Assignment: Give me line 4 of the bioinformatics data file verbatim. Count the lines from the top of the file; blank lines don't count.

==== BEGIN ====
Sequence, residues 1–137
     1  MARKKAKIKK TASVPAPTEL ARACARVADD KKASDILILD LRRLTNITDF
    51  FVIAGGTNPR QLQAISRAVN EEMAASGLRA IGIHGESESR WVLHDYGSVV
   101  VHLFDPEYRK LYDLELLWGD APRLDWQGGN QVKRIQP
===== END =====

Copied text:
   101  VHLFDPEYRK LYDLELLWGD APRLDWQGGN QVKRIQP